As the 17th most populous state in the U.S, Indiana presents many opportunities for wholesale real estate investments. In 2019, approximately 36,722 new residents moved to the state, bringing its total population to 6.73 million. Projections also show that by 2050, the state will have recorded a 10% increase in population,...
Strategically located as a jumping-off point for commerce headed throughout the United States, Oklahoma has enjoyed healthy economic growth in recent years.
Due to this growth, the Sooner State offers a wide range of opportunities for people looking to enter the real estate field. Warm weather, wide-open spaces, and affordable prices are a dynamic combination that spells success for agents, brokers, and wholesalers willing to work hard.
If operating a wholesaling business in Oklahoma sounds like an appealing career option for you, here’s what you should know as you weigh your options.
Wholesaling is simply a real estate investing technique that allows an investor to turn a profit by entering into a 'contract of sale' to buy real estate. This process requires an earnest money down-payment held in escrow. Once in contract, the buyer can then sell their right to purchase (known as equitable conversion) to an end buyer for a profit.
Often, the primary objective of a wholesaler is to enter in a purchase contract for real property, with a purchase price that is below market value – which may include a home in foreclosure or disarray.
When wholesaling real estate, the asset being sold is the buyer's contractual rights rather than the property itself.
While real estate as a wholesaling business is legal and offers a smart real estate investing technique to earn significant profits, the wholesale deal must be executed carefully with due diligence that weighs legalities appropriately and the anticipated outcomes.
Missouri has a robust economy that centers around industry. The state is a leading producer of aerospace and transportation equipment, and it also exports chemicals, food products, machinery, fabricated metal, and electrical equipment. Thanks to a diverse economy, Missouri also has many opportunities for those interested in real estate investing.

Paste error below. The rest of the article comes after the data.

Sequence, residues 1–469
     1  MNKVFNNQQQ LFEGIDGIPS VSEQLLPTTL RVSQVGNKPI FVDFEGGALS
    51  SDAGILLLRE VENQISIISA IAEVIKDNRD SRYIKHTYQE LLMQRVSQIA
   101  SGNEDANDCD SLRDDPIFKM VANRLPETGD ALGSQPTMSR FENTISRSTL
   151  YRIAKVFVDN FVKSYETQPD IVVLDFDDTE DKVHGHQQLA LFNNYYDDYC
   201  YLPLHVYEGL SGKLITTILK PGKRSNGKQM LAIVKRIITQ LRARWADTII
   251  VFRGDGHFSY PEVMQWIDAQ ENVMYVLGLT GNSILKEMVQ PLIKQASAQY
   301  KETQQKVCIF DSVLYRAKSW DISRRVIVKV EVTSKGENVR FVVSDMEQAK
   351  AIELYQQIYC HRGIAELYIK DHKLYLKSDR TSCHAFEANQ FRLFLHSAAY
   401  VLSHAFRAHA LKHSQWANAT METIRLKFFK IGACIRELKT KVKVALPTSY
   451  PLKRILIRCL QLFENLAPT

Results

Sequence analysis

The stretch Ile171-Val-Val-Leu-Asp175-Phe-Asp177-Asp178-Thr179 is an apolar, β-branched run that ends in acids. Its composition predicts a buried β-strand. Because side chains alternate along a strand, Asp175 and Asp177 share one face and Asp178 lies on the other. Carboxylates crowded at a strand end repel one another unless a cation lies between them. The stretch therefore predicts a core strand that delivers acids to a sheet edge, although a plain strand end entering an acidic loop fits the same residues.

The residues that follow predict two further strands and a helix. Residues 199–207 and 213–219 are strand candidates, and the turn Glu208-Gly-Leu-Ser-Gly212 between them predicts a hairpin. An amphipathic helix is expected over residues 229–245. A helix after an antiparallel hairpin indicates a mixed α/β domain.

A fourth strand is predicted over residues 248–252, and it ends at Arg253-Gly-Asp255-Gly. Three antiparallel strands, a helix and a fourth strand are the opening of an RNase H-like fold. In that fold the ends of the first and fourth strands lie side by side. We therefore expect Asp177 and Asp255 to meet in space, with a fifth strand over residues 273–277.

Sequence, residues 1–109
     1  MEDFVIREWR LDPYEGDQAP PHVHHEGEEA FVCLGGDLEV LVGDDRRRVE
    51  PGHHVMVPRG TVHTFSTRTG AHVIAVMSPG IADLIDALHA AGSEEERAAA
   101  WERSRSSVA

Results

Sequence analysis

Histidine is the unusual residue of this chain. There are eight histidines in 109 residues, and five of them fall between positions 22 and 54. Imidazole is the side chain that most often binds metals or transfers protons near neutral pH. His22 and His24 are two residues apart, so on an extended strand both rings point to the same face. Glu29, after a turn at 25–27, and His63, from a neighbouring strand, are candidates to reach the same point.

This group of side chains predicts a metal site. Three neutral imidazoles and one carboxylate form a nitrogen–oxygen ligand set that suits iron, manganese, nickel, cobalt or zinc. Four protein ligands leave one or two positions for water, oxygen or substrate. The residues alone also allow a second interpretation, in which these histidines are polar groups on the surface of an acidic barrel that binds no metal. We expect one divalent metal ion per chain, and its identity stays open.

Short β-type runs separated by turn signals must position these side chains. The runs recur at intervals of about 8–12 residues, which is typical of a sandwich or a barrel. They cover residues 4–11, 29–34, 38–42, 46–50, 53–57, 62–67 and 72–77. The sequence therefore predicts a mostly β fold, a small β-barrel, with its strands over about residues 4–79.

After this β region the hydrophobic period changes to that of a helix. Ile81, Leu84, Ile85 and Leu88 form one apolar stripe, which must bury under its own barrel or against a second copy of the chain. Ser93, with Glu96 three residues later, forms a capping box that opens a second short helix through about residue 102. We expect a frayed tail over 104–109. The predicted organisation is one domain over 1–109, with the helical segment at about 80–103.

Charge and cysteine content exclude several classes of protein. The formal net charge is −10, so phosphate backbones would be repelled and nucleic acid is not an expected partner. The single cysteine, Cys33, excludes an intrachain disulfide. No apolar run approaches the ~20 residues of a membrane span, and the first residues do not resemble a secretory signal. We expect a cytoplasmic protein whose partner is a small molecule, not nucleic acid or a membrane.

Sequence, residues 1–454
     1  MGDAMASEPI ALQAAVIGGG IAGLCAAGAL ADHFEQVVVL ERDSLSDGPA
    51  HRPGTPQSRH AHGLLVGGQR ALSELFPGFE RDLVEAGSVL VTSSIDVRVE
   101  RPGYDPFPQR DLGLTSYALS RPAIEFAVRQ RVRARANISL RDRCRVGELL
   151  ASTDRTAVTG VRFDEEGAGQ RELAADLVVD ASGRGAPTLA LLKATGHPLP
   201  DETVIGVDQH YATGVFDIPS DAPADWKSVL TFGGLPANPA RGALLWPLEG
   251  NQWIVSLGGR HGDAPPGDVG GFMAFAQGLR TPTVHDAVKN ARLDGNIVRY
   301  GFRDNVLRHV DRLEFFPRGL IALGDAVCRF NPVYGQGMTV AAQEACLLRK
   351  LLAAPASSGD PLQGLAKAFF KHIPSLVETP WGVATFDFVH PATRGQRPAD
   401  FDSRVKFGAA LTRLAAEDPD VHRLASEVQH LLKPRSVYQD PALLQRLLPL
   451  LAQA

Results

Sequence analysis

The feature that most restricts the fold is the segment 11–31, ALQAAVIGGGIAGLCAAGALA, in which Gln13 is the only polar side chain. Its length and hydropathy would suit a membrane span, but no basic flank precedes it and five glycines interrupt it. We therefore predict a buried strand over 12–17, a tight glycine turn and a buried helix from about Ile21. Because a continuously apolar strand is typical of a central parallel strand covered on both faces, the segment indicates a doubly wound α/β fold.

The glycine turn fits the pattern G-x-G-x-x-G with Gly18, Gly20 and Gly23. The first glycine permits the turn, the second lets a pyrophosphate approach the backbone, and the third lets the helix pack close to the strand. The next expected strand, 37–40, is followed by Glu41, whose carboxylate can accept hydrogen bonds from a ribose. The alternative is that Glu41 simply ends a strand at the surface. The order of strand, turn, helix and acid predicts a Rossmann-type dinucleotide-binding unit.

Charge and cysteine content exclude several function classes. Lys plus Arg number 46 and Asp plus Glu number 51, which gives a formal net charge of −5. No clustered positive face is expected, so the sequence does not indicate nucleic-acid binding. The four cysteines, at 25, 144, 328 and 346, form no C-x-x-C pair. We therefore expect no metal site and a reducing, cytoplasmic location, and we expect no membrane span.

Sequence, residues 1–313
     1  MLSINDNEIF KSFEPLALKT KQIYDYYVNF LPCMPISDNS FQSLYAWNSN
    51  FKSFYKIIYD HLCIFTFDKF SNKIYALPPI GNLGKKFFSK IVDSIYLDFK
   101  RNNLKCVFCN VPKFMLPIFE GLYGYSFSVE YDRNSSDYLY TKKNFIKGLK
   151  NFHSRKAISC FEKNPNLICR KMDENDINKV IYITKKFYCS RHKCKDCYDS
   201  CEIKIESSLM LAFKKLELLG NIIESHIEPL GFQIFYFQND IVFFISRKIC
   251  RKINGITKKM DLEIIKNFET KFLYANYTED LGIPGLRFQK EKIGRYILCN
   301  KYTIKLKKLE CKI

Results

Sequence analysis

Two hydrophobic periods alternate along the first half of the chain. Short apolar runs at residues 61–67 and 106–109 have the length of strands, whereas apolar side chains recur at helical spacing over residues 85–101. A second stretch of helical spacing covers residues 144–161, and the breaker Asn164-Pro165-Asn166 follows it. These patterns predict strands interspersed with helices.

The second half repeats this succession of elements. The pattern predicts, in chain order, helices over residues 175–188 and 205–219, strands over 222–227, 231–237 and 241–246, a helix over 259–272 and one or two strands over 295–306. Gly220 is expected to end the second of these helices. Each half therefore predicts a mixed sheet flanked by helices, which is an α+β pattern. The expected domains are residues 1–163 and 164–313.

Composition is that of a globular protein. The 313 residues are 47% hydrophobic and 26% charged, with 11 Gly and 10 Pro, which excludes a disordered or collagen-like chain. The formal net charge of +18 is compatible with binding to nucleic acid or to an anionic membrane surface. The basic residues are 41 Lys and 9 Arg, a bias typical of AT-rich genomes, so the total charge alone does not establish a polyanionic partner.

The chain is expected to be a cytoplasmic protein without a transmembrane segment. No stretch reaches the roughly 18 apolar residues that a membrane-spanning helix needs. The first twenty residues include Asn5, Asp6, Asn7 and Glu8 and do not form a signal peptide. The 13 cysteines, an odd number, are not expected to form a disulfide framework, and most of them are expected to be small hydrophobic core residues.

With more than 6.1 million residents — 492,000 of them in Kansas City — Missouri is the 18th most populous state in the United States. There are plenty of opportunities to make money by investing in real estate in the Show-Me state, which has 2.8 million housing units, according to the U.S. Census.
Many people become brokers or real estate salespeople in Missouri. However, there are other ways to make money on the MO real estate market, such as becoming an inspector, mortgage broker, real estate attorney, or finding unique ways to invest.
Some people choose...
With a warm climate and a friendly, pro-business stance, Arizona has enjoyed steady growth in recent years. Phoenix has become a sprawling contemporary center for commerce, recognized for a highly educated workforce and a low tax base, and as a great place to raise a family.
Other areas of the state, while much smaller, also provide ample opportunities to make money in real estate.
Several people choose a traditional career path in real estate in Arizona. However, many others are excited about the freedom and flexibility that a career as a real estate wholesaler can offer.
Real estate wholesaling is often an individual's first entry into real estate investing. This strategy offers a viable option to sell a property without having to purchase the property first. Real estate wholesalers in Wisconsin search for properties priced below market value (which may be available for a host of reasons), and they choose to flip the real estate for a profit without the need to renovate or the need for large sums of money.
But is wholesaling real estate legal in Wisconsin?
The short answer is yes – the strategy of wholesaling real estate deals in Wisconsin is legal if the transaction complies with Wisconsin law.
Real estate wholesaling is often referred to as flipping paper for a profit. Real estate wholesalers acquire the rights to buy a home – by signing a contract with a seller. A real estate wholesaler, who holds equitable title, can then sell/assign (for a profit, hopefully) their contractual rights to another buyer – who is often called the ...